Last winter I replaced the injectors as we had started to see an increase in fuel/soot residue on the transom. Typically when we see this it’s indicative of worn injectors.
I started by removing the small black rubber return fuel lines from each injector. The lines were dry rotted, while not leaking, they were in bad shape. I found some fuel hose that would work in Martinique but I plan replace all of the lines with properly sized line and new clamps when we return this winter. Next I removed the rigid high pressure fuel lines, unscrewing the nuts on the injectors as well as on the injector pump. I then removed and replaced one injector at a time. The injectors are held in place by a bracket and two bolts. The bolts and bracket are removed and then the injector can be extracted using a pair of pliers using a slight twisting motion while pulling. Each injector also has a nozzle seat and a nozzle protector that have to be replaced. The nozzle seat fits over the nozzle protector and the protector has one end that is camfered – this end slides on the injector nozzle first.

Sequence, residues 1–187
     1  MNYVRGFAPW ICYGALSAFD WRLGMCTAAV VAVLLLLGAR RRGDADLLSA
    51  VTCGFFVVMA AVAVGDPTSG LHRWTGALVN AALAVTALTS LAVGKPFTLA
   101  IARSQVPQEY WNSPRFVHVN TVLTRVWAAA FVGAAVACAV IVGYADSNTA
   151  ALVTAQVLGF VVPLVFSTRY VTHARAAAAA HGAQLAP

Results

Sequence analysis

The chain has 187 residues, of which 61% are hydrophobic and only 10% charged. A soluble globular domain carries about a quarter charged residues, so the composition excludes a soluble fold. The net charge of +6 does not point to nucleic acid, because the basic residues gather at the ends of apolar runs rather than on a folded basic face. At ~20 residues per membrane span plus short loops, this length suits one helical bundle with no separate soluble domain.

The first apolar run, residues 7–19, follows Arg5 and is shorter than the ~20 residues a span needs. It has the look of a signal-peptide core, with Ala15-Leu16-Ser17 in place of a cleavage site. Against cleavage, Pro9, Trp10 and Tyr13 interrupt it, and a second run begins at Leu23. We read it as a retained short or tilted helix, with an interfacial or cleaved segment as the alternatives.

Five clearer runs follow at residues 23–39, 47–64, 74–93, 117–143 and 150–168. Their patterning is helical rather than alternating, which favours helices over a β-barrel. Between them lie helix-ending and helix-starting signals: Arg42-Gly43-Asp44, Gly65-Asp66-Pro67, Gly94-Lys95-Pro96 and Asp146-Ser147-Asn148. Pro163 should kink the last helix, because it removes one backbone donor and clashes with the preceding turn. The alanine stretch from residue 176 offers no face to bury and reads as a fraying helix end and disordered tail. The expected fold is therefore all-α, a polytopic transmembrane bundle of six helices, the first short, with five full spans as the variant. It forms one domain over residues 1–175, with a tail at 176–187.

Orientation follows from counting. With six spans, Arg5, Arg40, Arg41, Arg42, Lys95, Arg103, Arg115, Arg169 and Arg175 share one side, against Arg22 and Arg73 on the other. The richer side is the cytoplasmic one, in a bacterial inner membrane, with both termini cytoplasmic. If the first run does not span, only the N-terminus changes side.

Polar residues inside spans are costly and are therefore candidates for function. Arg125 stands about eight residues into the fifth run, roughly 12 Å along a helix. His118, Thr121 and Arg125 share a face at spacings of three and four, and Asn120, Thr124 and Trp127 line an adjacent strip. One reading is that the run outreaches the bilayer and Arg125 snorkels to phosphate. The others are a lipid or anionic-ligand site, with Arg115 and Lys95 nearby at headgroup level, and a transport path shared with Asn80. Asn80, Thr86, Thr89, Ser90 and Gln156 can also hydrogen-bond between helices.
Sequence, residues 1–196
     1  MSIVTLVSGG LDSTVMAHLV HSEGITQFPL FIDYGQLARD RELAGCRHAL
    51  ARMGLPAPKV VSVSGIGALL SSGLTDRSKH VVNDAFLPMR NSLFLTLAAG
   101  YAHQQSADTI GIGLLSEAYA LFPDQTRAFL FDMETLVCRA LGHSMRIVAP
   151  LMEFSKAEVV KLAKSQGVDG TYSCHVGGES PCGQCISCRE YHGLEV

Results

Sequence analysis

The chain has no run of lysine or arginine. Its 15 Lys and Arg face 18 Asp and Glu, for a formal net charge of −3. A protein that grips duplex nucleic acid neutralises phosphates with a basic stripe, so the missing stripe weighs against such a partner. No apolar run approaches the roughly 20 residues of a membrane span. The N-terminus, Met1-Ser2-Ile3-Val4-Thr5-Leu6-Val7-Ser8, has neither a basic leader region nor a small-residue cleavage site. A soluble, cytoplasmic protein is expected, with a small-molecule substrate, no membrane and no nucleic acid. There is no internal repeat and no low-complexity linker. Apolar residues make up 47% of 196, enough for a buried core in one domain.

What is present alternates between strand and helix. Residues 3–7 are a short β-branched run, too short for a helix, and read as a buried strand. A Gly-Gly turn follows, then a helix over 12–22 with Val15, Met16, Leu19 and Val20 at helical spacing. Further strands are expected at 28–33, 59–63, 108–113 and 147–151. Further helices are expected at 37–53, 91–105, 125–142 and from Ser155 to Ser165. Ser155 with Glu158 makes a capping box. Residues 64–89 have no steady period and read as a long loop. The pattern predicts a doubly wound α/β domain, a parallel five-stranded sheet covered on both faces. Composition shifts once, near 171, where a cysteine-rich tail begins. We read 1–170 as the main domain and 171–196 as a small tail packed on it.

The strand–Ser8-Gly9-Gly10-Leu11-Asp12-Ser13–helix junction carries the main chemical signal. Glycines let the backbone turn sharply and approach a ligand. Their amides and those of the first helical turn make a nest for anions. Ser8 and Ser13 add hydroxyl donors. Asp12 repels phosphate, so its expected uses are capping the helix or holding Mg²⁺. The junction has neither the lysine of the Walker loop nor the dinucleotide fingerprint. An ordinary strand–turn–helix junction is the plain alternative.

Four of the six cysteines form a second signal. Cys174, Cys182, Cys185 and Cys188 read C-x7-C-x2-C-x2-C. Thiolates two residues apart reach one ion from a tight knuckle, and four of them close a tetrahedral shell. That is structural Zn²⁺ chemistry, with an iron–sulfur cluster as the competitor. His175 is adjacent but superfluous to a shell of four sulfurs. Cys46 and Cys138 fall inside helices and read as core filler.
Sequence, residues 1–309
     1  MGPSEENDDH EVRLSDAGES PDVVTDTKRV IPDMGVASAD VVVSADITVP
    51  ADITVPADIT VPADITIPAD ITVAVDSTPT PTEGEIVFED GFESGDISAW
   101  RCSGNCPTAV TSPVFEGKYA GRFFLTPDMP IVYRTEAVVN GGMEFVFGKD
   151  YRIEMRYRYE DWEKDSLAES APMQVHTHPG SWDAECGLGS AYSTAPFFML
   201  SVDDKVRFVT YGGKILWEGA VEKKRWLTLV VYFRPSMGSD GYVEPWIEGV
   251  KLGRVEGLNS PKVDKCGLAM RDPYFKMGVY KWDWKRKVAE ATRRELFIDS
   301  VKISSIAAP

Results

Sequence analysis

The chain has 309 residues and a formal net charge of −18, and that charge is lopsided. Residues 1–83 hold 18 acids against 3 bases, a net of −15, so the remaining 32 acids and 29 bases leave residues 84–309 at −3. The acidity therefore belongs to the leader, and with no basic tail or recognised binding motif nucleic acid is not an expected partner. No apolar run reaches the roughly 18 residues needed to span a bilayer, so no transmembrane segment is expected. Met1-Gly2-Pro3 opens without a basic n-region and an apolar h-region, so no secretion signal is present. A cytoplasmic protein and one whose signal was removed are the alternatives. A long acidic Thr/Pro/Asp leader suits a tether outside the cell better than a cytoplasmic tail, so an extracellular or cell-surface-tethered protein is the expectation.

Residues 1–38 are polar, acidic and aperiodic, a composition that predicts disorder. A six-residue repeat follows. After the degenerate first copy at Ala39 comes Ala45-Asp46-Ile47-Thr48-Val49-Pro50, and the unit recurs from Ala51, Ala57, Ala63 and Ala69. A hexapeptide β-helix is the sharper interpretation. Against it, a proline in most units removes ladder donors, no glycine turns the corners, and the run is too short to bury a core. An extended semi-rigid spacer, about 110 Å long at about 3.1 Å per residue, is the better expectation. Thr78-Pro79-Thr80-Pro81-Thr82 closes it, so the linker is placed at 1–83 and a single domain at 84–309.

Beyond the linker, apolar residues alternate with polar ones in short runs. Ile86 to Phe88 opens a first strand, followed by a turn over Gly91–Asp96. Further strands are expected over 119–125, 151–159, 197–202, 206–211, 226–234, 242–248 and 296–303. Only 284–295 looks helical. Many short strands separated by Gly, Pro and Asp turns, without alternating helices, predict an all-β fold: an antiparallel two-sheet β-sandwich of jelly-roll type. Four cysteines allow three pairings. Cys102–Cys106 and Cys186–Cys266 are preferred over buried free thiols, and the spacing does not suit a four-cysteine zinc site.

I replaced each injector, retorqued the injector hold down bolts and then reconnected the rigid high pressure fuel lines and the flexible return fuel line and clamps. I then started the engine and it was running rough as there was air in one or more injectors. I manually bled each injector by slightly loosing the high pressure hose at the top of the injector till some fuel bubbled out and then retightened. After bleeding all three injectors the engine was running normally again.